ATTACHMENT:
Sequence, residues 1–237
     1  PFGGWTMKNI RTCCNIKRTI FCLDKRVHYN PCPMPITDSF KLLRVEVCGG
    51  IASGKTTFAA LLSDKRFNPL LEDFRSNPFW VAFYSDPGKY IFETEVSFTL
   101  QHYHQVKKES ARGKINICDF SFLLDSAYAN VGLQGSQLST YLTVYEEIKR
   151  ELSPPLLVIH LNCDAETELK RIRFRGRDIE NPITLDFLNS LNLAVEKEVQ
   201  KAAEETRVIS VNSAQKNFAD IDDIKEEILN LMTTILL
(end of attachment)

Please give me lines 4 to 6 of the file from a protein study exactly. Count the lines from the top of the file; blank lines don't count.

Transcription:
   101  QHYHQVKKES ARGKINICDF SFLLDSAYAN VGLQGSQLST YLTVYEEIKR
   151  ELSPPLLVIH LNCDAETELK RIRFRGRDIE NPITLDFLNS LNLAVEKEVQ
   201  KAAEETRVIS VNSAQKNFAD IDDIKEEILN LMTTILL